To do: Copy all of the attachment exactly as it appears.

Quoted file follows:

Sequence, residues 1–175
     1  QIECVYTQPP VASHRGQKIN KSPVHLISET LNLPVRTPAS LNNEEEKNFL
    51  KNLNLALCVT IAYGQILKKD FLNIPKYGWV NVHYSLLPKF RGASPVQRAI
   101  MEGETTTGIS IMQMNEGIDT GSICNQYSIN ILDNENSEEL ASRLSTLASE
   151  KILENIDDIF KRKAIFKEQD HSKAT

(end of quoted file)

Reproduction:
Sequence, residues 1–175
     1  QIECVYTQPP VASHRGQKIN KSPVHLISET LNLPVRTPAS LNNEEEKNFL
    51  KNLNLALCVT IAYGQILKKD FLNIPKYGWV NVHYSLLPKF RGASPVQRAI
   101  MEGETTTGIS IMQMNEGIDT GSICNQYSIN ILDNENSEEL ASRLSTLASE
   151  KILENIDDIF KRKAIFKEQD HSKAT